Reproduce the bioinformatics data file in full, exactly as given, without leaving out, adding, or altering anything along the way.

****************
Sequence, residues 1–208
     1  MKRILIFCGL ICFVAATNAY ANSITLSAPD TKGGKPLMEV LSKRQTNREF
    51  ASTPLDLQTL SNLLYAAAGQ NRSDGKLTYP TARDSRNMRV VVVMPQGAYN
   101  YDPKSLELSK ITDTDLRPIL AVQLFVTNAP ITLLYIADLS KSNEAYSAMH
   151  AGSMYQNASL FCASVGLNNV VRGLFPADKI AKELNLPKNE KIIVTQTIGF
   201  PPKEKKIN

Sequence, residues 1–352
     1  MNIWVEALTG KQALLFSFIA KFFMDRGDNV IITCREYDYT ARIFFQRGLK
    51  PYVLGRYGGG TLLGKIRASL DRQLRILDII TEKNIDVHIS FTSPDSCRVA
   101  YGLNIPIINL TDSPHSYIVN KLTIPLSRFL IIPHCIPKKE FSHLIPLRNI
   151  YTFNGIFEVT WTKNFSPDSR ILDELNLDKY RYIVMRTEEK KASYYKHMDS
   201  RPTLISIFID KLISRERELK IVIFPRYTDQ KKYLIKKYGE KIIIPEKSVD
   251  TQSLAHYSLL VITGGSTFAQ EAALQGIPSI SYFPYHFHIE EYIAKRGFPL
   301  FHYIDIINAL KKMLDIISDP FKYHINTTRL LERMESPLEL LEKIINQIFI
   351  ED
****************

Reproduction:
Sequence, residues 1–208
     1  MKRILIFCGL ICFVAATNAY ANSITLSAPD TKGGKPLMEV LSKRQTNREF
    51  ASTPLDLQTL SNLLYAAAGQ NRSDGKLTYP TARDSRNMRV VVVMPQGAYN
   101  YDPKSLELSK ITDTDLRPIL AVQLFVTNAP ITLLYIADLS KSNEAYSAMH
   151  AGSMYQNASL FCASVGLNNV VRGLFPADKI AKELNLPKNE KIIVTQTIGF
   201  PPKEKKIN

Sequence, residues 1–352
     1  MNIWVEALTG KQALLFSFIA KFFMDRGDNV IITCREYDYT ARIFFQRGLK
    51  PYVLGRYGGG TLLGKIRASL DRQLRILDII TEKNIDVHIS FTSPDSCRVA
   101  YGLNIPIINL TDSPHSYIVN KLTIPLSRFL IIPHCIPKKE FSHLIPLRNI
   151  YTFNGIFEVT WTKNFSPDSR ILDELNLDKY RYIVMRTEEK KASYYKHMDS
   201  RPTLISIFID KLISRERELK IVIFPRYTDQ KKYLIKKYGE KIIIPEKSVD
   251  TQSLAHYSLL VITGGSTFAQ EAALQGIPSI SYFPYHFHIE EYIAKRGFPL
   301  FHYIDIINAL KKMLDIISDP FKYHINTTRL LERMESPLEL LEKIINQIFI
   351  ED